Corticosteroids Improve Fatigue, Appetite Loss, and Patient Satisfaction but Not Pain in Opioid-Treated Advanced Cancer Patients, Small Study Shows


Key Points

  • Methylprednisolone did not improve pain in patients on opioid treatment.
  • Methylprednisolone improved fatigue, appetite loss, and patient satisfaction.

In a small Norwegian study reported in the Journal of Clinical Oncology, Paulsen et al found that methylprednisolone treatment improved fatigue, appetite loss, and patient satisfaction but not pain in patients with advanced cancer receiving opioid treatment for pain.

Study Details

In the study, 49 adult patients with advanced cancer receiving opioids with average pain intensity ≥ 4 on a 0 to 10 (worst) numeric rating scale in the past 24 hours were randomly assigned to receive methylprednisolone at 16 mg twice daily (n = 26) or placebo (n = 23) for 7 days. The primary outcome measure was average pain intensity measured at day 7. Baseline opioid use as oral morphine equivalent was 269.9 mg in the methylprednisolone group and 160.4 mg in the placebo group.


At day 7, there was no significant difference between the methylprednisolone group and the placebo group in average pain intensity (3.6 vs 3.7, mean difference = −0.08, P = .88) and no difference in change from baseline (−1.16 vs −0.68, P = .50). There was no difference between groups in relative use of opioids (day 7 vs day 0), with the relative dose increasing by a similar magnitude in both (1.19 vs 1.20, P = .95).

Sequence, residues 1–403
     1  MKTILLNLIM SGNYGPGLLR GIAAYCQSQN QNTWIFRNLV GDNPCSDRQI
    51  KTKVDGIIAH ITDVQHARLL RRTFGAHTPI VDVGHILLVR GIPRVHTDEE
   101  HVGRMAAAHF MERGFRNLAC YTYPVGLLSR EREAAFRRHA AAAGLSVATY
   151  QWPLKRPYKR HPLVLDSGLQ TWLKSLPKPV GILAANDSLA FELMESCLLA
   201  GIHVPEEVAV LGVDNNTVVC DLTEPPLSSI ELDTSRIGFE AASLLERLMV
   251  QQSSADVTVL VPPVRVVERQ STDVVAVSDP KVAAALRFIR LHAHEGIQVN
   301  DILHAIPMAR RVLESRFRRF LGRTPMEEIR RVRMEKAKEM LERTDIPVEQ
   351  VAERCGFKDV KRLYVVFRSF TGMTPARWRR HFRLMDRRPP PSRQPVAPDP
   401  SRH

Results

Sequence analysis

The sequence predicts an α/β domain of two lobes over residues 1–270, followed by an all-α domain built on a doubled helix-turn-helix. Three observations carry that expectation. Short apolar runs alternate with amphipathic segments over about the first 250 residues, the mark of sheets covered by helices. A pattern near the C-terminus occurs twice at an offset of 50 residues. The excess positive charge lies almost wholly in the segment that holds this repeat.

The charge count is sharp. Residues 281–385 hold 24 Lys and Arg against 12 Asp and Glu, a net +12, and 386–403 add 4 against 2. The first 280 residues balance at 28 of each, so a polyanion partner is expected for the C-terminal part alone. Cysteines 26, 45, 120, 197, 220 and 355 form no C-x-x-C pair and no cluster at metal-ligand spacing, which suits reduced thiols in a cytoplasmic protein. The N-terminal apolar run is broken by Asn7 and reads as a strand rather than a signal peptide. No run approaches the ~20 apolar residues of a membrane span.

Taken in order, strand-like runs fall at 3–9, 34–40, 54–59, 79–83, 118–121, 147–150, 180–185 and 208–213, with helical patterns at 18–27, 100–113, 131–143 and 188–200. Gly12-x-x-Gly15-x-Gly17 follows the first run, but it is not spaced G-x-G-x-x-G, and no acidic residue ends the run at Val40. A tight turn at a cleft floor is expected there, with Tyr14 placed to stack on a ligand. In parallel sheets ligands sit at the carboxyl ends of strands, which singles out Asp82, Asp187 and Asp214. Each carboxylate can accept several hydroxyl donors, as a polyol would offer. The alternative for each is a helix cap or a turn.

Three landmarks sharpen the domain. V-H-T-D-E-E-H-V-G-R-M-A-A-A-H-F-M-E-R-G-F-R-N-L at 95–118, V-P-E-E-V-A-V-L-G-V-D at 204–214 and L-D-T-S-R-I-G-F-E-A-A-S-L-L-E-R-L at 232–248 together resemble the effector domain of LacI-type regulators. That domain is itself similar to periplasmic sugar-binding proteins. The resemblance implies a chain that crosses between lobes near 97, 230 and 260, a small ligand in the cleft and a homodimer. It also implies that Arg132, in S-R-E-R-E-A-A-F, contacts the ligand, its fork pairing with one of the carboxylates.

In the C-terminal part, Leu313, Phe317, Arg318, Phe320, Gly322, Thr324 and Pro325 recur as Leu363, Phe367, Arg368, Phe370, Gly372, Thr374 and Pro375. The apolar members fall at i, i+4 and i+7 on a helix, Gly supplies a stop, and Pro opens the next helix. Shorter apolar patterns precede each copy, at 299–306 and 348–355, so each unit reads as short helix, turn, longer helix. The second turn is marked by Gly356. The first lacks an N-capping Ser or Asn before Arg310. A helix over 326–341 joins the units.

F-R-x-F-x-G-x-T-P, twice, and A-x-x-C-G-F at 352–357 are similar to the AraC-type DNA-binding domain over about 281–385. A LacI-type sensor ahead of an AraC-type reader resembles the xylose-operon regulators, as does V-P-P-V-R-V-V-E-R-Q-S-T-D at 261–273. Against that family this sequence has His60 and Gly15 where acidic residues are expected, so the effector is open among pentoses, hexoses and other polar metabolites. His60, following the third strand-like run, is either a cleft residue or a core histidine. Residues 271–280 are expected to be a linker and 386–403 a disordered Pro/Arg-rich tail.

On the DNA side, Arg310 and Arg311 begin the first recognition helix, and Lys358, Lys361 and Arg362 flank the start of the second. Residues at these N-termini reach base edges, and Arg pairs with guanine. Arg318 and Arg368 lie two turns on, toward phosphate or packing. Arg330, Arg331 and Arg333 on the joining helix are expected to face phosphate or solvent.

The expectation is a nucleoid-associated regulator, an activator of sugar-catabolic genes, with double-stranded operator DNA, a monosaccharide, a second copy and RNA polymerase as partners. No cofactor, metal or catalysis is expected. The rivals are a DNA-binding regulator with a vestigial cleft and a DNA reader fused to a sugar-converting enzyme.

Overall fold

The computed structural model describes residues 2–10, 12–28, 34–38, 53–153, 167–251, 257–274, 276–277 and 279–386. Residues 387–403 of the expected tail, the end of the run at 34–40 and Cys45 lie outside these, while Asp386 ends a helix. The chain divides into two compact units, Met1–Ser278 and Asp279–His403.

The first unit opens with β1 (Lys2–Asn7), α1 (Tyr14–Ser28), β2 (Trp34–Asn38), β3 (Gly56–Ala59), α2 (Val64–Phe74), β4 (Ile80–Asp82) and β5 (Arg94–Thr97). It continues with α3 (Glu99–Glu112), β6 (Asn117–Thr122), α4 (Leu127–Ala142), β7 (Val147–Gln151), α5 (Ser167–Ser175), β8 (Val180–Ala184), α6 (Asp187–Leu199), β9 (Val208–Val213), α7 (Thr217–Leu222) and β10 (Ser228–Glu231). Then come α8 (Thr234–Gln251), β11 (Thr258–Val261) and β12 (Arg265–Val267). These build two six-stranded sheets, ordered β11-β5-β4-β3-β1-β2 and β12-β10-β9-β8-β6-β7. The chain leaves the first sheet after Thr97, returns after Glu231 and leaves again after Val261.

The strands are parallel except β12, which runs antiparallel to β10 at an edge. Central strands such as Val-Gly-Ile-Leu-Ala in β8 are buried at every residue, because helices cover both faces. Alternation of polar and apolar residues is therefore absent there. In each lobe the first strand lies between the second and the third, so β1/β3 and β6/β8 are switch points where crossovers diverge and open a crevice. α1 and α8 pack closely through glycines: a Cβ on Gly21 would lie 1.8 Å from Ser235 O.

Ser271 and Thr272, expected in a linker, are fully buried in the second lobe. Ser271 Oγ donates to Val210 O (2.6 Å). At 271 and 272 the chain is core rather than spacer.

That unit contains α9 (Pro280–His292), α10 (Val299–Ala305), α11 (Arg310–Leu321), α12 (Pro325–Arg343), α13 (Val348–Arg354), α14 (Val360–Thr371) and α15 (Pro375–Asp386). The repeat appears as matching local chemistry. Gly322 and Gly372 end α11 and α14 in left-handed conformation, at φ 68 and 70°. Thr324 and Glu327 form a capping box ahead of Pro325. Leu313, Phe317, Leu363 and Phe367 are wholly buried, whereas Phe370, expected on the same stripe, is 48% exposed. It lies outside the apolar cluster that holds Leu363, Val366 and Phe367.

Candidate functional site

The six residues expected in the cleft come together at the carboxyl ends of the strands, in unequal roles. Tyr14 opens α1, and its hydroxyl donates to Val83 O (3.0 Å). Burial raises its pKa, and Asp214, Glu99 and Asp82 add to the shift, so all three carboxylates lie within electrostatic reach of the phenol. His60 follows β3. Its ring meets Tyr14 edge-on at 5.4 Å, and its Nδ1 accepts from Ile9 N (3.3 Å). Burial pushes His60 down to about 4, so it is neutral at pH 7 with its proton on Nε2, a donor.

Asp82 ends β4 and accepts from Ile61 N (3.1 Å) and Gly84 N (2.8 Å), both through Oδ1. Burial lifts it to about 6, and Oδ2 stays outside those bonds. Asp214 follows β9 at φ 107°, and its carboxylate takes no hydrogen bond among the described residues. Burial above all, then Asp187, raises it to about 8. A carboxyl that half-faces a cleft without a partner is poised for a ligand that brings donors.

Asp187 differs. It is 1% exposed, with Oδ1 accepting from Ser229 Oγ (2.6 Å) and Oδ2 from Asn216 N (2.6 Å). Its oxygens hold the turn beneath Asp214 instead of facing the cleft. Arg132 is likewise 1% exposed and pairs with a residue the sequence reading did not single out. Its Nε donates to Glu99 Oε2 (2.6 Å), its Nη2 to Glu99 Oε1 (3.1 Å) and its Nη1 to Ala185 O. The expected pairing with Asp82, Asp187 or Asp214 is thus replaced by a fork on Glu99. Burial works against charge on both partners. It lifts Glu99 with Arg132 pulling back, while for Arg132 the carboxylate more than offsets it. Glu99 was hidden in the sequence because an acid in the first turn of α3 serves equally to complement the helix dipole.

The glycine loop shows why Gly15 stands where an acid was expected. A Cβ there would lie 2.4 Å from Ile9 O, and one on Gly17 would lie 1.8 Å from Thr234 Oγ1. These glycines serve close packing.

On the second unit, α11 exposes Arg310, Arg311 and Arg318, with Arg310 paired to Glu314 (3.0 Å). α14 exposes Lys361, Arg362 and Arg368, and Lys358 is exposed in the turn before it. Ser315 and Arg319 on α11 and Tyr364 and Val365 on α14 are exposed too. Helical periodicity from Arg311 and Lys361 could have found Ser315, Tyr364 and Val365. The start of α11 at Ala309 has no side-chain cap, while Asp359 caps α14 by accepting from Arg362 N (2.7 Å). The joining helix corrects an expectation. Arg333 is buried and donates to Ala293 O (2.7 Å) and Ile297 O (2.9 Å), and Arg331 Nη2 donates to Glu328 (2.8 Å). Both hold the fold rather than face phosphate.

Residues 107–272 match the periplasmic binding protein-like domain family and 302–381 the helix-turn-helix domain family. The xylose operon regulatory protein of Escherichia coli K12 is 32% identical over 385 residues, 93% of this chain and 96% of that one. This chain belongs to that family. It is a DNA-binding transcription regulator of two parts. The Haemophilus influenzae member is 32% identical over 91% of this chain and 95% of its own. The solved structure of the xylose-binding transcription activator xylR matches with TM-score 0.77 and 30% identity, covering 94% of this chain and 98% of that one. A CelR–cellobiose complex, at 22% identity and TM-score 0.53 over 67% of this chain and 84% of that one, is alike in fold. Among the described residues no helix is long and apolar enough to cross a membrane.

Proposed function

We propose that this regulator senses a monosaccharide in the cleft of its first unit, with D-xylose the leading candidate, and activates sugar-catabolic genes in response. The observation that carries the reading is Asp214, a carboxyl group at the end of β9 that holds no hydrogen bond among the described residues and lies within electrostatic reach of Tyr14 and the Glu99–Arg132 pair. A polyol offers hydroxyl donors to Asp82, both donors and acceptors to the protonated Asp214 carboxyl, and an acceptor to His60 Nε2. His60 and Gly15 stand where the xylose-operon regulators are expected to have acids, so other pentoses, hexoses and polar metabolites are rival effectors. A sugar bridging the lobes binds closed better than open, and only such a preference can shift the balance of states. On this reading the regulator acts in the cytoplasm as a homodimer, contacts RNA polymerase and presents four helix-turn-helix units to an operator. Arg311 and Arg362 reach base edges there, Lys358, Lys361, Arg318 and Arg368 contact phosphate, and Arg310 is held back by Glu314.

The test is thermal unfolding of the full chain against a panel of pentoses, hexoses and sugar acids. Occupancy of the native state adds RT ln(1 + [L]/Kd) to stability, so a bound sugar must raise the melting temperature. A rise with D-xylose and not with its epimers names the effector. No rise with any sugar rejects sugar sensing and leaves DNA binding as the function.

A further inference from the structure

Secondary Outcomes

As measured by the European Organisation for Research and Treatment of Cancer–Quality of Life Questionnaire C30 (0–100 scale), the methylprednisolone group had statistically and clinically significant improvements in fatigue (mean change = 17 vs −3 points, P = .003) and appetite loss (mean change = 24 vs −2 points, P = .003). There was also a statistically and clinically significant improvement in patient satisfaction (0–10 scale) in the methylprednisolone group (5.4 vs 2.0 points, P < .001).

There were no differences in adverse events between the groups.

The investigators concluded, “[Methylprednisolone] 32 mg daily did not provide additional analgesia in patients with cancer receiving opioids, but it improved fatigue, appetite loss, and patient satisfaction. Clinical benefit beyond a short-term effect must be examined in a future study.”

Ørnulf Paulsen, MD, of Telemark Hospital Trust, Skien, is the corresponding author for the Journal of Clinical Oncology article.

The study was supported by grants from the Telemark Hospital Trust and South-Eastern Norway Regional Health Authority. The study authors reported no potential conflicts of interest.

The content in this post has not been reviewed by the American Society of Clinical Oncology, Inc. (ASCO®) and does not necessarily reflect the ideas and opinions of ASCO®.